QUESTION: And “Lost” did a lot for Hawaii. People went there. The original “Hawaii Five-0” also brought a lot of tourism there. The cooperation that you’re getting from, be it, the Hawaii tourism or the film office, is that all dedicated to bring bodies to Hawaii?
ALEX KURTZMAN: I think that Hawaii has been wildly receptive to bringing the show back. I think that the original series is a real point of pride for them. It’s a badge of honor. And I think that was something that we felt we had to respect and we had to — we had to make sure that the legacy endured in the right way. You know, I’m sure they’re happy that it will bring tourism — more tourism to Hawaii, but the nice thing about it is that I think people want to go to Hawaii on vacation anyway. So it’s interesting to me; like, we were cutting the show, and one of the editors said, “God, just” — she got this look on her face, and I said, “What?” And she said, “I just feel like I’m on vacation when I watch this show.” And I thought, “That’s great.” That’s exactly what you want, because hopefully at the end of a long day, you’ll come home and you’ll want to watch “Hawaii Five-0” just to escape.
QUESTION: We’ve seen in recent years the rise of this type of television that we call blue-sky television, in cable especially with “Burn Notice” in Miami. And you talked a little bit about wanting people to feel like they’re on vacation when they watch this show, but the actual storylines and action seem pretty gritty and pretty intense. So are we going to see more of that lighthearted stuff come out in the show, or are you just hoping that the locale is going to communicate that?
ALEX KURTZMAN: A hundred percent yes, absolutely. The show is very lighthearted. A lot of it has to do with the banter between Danno and McGarrett. But the key for us is that the foundation had to be real. One of the first questions, I think, people ask is, “Why do this show now?” And the answer to that for us was that Peter walked in the door and said, “This is a show that is meaningful for me because it’s really about my relationship with my dad. My dad and I used to sit down” –By the way, I’m telling your story, if that’s okay.
PETER LENKOV: Sure.
ALEX KURTZMAN: But, you know, he said, “This is about my relationship with my father. We used to sit down every week, and we would watch this show. And it became sort of how we bonded.” And I think that in hearing the story, what struck us about it was that the spirit of “Five-0” is about a family. And for Peter to come in with a take that was so much about family felt like, “Okay, that’s a very good, honest, emotional reason to come into the show.” And it ended up, I think, leading to the storylines that we came up with for the pilot: a guy who had sort of been running away from his family for a long time, coming back home, and then having to rediscover that. And it felt like — you could make that about “Five-0,” or could you make it about something else. But that was a good story. That was just a good story. It certainly was a story that I would be engaged by. So the fact that we could put it in the context of “Five-0” was even better. And then it became about paying tribute to everything that the original “Five-0” was really about.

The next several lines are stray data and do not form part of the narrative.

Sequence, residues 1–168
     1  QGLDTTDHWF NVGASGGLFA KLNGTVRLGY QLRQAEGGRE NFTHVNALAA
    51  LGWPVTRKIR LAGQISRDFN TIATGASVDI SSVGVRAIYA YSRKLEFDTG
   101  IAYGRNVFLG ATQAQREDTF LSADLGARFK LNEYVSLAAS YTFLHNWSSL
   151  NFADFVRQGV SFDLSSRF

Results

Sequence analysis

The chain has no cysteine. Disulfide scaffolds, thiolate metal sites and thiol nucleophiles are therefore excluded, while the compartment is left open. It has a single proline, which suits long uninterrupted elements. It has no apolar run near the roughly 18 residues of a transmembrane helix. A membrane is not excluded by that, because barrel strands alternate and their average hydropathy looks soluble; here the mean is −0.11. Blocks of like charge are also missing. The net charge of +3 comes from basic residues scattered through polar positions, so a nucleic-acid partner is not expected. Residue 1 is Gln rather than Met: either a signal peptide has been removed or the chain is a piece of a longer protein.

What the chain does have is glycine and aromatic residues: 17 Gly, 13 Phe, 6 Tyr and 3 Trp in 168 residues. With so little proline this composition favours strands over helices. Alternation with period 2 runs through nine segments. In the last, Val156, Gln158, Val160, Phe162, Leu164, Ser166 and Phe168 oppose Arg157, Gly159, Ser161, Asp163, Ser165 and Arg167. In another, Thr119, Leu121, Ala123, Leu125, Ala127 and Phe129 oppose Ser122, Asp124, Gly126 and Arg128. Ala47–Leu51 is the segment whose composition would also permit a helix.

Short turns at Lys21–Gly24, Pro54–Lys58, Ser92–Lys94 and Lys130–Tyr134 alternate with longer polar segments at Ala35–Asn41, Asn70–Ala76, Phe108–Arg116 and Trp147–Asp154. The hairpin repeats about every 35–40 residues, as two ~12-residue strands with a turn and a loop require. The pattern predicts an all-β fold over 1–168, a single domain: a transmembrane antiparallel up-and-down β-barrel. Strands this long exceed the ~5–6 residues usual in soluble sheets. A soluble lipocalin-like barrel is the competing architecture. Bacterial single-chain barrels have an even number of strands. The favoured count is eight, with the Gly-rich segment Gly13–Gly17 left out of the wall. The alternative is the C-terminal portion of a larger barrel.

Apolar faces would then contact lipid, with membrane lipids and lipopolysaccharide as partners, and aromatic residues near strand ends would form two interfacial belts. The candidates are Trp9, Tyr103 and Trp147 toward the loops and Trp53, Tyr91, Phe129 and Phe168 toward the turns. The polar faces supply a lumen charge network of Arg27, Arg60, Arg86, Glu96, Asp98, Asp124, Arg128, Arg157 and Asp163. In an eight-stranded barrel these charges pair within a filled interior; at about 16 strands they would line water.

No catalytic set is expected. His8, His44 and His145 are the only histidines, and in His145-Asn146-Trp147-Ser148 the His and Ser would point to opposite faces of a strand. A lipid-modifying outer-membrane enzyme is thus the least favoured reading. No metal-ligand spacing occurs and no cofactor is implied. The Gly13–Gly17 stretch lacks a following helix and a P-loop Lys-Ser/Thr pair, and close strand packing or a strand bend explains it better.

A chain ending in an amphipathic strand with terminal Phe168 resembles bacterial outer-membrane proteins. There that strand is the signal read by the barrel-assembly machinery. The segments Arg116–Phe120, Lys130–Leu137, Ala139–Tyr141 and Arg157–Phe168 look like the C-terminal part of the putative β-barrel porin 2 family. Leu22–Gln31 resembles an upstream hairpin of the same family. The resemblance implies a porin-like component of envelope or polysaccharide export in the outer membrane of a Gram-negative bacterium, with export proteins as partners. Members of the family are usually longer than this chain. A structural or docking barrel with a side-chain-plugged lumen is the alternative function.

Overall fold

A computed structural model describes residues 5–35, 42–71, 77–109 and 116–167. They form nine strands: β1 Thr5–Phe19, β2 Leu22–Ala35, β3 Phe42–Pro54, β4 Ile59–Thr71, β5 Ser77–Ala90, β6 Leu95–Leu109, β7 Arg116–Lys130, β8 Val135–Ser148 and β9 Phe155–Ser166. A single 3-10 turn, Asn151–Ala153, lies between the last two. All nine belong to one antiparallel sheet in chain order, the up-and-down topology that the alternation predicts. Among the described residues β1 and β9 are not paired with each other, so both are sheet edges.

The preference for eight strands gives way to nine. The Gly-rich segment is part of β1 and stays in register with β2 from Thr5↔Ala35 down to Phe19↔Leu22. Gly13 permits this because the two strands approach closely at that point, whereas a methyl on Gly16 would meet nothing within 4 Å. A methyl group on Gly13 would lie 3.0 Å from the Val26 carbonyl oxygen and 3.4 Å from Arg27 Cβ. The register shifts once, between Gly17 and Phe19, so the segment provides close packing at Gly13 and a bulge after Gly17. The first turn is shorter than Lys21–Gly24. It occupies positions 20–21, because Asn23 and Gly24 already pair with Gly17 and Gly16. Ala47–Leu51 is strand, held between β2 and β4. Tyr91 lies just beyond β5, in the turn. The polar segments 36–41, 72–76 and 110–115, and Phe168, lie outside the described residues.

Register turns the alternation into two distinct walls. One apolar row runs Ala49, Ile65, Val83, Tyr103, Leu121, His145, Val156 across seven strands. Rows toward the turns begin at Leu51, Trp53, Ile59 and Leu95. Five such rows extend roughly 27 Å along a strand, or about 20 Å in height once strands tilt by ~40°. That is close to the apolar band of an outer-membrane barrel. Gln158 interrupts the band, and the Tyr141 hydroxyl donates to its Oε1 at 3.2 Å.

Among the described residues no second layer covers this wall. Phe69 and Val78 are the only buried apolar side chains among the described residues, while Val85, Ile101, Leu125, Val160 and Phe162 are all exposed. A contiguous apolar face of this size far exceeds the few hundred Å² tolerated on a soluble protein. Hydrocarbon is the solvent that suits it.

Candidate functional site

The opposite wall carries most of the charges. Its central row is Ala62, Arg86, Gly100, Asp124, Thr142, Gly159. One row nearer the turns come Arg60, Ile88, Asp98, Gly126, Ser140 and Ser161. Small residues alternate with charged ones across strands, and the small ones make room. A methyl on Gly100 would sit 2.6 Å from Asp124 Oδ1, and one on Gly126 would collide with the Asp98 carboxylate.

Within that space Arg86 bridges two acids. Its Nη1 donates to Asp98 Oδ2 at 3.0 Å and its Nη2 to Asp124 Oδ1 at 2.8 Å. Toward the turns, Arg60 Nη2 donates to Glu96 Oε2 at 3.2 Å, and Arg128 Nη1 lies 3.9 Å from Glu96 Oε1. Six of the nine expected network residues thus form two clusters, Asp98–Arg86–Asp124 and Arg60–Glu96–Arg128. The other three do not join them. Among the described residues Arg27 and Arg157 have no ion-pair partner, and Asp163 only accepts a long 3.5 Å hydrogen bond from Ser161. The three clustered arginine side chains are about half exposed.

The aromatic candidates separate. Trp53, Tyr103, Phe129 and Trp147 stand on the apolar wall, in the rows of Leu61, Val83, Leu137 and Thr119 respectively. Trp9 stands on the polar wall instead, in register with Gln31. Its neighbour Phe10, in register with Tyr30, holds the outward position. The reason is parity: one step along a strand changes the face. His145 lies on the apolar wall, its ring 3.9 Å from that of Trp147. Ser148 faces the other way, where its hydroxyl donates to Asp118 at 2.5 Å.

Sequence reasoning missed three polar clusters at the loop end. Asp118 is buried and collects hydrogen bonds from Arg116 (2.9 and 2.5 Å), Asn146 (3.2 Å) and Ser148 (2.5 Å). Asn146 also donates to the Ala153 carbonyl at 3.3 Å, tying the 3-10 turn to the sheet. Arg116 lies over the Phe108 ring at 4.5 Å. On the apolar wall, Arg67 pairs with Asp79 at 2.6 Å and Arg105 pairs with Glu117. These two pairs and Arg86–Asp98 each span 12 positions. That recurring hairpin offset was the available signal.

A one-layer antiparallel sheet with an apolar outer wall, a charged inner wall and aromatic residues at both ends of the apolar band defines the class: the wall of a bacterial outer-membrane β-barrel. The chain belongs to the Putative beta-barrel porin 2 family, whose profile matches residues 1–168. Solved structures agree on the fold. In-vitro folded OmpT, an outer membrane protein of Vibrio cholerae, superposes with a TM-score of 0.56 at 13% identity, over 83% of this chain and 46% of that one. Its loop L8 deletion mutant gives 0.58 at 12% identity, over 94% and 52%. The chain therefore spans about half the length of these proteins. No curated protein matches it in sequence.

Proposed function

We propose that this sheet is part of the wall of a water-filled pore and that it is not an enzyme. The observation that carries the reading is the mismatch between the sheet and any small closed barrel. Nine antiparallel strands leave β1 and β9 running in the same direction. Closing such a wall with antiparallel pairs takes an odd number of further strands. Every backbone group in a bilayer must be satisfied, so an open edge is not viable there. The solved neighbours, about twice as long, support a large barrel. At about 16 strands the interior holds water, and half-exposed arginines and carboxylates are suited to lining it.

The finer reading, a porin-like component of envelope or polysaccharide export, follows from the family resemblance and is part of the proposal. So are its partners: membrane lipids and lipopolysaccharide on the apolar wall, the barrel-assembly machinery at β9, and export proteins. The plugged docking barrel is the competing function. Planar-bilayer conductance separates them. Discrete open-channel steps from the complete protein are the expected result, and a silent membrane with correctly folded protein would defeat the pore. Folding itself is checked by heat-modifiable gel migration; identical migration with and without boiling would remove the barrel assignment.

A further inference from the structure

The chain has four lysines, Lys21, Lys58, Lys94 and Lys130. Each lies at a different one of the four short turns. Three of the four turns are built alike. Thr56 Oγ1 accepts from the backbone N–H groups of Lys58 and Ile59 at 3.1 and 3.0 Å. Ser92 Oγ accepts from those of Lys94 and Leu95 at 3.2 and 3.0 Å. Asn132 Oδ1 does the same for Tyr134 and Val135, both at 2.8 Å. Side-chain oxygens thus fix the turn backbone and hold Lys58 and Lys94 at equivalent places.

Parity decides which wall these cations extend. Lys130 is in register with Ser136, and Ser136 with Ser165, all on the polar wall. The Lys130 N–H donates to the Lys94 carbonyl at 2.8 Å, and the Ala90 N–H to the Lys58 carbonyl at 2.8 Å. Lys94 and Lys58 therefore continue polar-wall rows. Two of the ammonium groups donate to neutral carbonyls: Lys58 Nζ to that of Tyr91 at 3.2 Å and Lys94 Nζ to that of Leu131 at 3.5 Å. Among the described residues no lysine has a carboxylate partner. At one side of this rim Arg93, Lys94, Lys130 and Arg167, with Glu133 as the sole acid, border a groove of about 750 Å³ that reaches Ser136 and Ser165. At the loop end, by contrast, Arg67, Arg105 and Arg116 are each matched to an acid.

QUESTION: As a quick follow-up, Hawaii is also known for its ethnic diversity, but the panel isn’t particularly diverse. So are we going to see the actors of color who have been cast have prominent roles on the show?
ALEX KURTZMAN: Well, Chin and Kono certainly are and — absolute- — the answer is a hundred percent yes, we have –
PETER LENKOV: We’re actually probably casting half of, week to week, our guest stars out of Hawaii. It’s important to us for us to be real. It’s important for us to feel authentic. And right from the beginning, we — when we started shooting the first episode, we started going on weekends to these workshops, acting workshops, and making sure that we invest back into the community and get actors trained so we could utilize their talent and make it feel real. Our big thing is really for this show to feel like you’re really in Hawaii week to week, and that means casting locally.
QUESTION: You guys — I notice the word “reboot” being bandied about quite a bit, and Alex O’Loughlin mentioned it. Nina mentioned it. Why are you guys avoiding the word “remake”? I mean, remakes often don’t pick up from where the last one left off. They’re usually rethought and re- — is there something about the image of the show you want people not to have in their mind when they go to view this version?
ALEX KURTZMAN: I think, for me, the word “remake” suggests that we’re doing exactly the same thing, just doing it again. And I think in our experience in “Star Trek,” we felt like you have to find the spirit of what that original franchise was about, and you have to really be true to it, and then you have to expand on it and bring it into the modern time with whatever rules will govern it. And I think what we felt like we really had to do was make sure that we were staying true to the spirit of the show, but bringing something new to the table that a modern audience would recognize. And for us, that’s why the word “reboot,” I think, just feels more appropriate.
QUESTION: Alex, playing McGarrett, the old McGarrett was stoic unbending. It was either black or white, right or wrong. There are more colors in your — more gray areas. Tell me how you came up with that, or do you admire the stoic nature of the original McGarrett?